Ian Bell’s trial as an opener proved a stunning success today as England prepared themselves for Friday’s first Tri-Series one-day international against Australia. England’s highest one-day score of 391 for six saw off a Prime Minister’s XI by 60 runs in Canberra in a warm-up match for the Tri-Series (which also features India) and the World Cup opener against Australia on February 14. But there was a warning shot from Australia’s Glenn Maxwell who scored 136 in Australia’s 331 all out in which England’s Chris Woakes took an amazing catch to dismiss Lega Siaka.
Bell, who would not have been in the side had England kept faith with Alastair Cook, turned in a classy innings of 187 in 145 balls that looked to put his side on course for a mammoth victory.
England’s total equalled the high watermark set in 2005 against Bangladesh, though that came in a one-day international rather than a tour match, with Bell’s superb 145-ball stay providing the backbone.
But Maxwell gave watching PM Tony Abbott plenty to smile about with a boundary-strewn century in reply. The 26-year-old bludgeoned 136 in just 89 deliveries to bring a fanciful chase briefly into the realms of realism.
England can expect to see more of him in Sydney on Friday and in the World Cup.
Both Bell and Maxwell hit 20 fours on a benign Manuka Oval surface, with the Englishman outscoring his rival three sixes to two.
Bell’s late flourish took him clear of the 167 Robin Smith scored against Australia 15 years ago, though that remains England’s top ODI score, and surely inked his name into the World Cup XI.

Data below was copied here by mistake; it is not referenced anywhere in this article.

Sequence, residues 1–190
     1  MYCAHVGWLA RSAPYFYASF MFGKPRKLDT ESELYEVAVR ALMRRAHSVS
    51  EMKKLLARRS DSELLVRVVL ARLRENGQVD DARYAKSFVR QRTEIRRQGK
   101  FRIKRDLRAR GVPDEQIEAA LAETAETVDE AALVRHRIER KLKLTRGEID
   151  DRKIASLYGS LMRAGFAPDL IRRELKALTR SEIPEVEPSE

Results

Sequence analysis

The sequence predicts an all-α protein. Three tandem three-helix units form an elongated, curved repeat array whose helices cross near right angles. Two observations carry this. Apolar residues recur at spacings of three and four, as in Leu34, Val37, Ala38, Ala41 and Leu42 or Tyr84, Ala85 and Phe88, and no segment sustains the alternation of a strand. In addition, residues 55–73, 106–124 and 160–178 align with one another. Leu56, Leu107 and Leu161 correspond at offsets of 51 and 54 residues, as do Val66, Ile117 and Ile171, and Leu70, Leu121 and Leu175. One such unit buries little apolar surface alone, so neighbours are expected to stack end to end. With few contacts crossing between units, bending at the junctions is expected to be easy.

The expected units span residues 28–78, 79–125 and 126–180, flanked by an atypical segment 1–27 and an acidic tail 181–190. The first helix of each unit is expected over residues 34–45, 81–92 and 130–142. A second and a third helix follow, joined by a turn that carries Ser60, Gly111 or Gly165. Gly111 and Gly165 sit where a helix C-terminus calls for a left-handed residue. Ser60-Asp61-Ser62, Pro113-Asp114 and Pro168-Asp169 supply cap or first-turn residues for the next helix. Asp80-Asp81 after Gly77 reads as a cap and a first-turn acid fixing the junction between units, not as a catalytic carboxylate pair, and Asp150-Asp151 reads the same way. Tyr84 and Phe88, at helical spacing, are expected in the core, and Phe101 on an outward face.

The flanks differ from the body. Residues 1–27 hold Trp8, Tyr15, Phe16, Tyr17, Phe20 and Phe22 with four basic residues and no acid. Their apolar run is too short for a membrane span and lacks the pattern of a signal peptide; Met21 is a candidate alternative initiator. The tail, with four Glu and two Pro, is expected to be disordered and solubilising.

England will also have been pleased with Moeen Ali and James Taylor, who each contributed 71.
Afterwards, Bell admitted he has fallen short of match-winning efforts too often as an England opener, but is ready to put that behind him
Bell was not required for England last five matches in Sri Lanka before Christmas but earned a recall in the aftermath of Alastair Cook’s departure as captain.
Bell knows a record of three centuries in 150 one-day internationals is not enough for a player of his calibre and intends on changing that for the better in the forthcoming Tri-Series and World Cup.
“One thing I’ve probably been guilty of in the time I’ve been opening is getting to 60, 70, 80 but never really gone on and enjoyed myself the way I did today,” he said.
“I’ve been guilty in one-day cricket of getting a lot of 50s and not converting enough, but this is what I can do if I bat 45.5 overs or whatever it was.
“I’ve spoken to (coach) Peter Moores about that and I believe I can play at the top of the order for England. The thing is converting starts into match-winning scores.
“Today was pretty much perfect template-wise and that’s how I’d like to play in one-day cricket.
“If I can do that a couple of times this winter, that’s great for the team.”Reuse content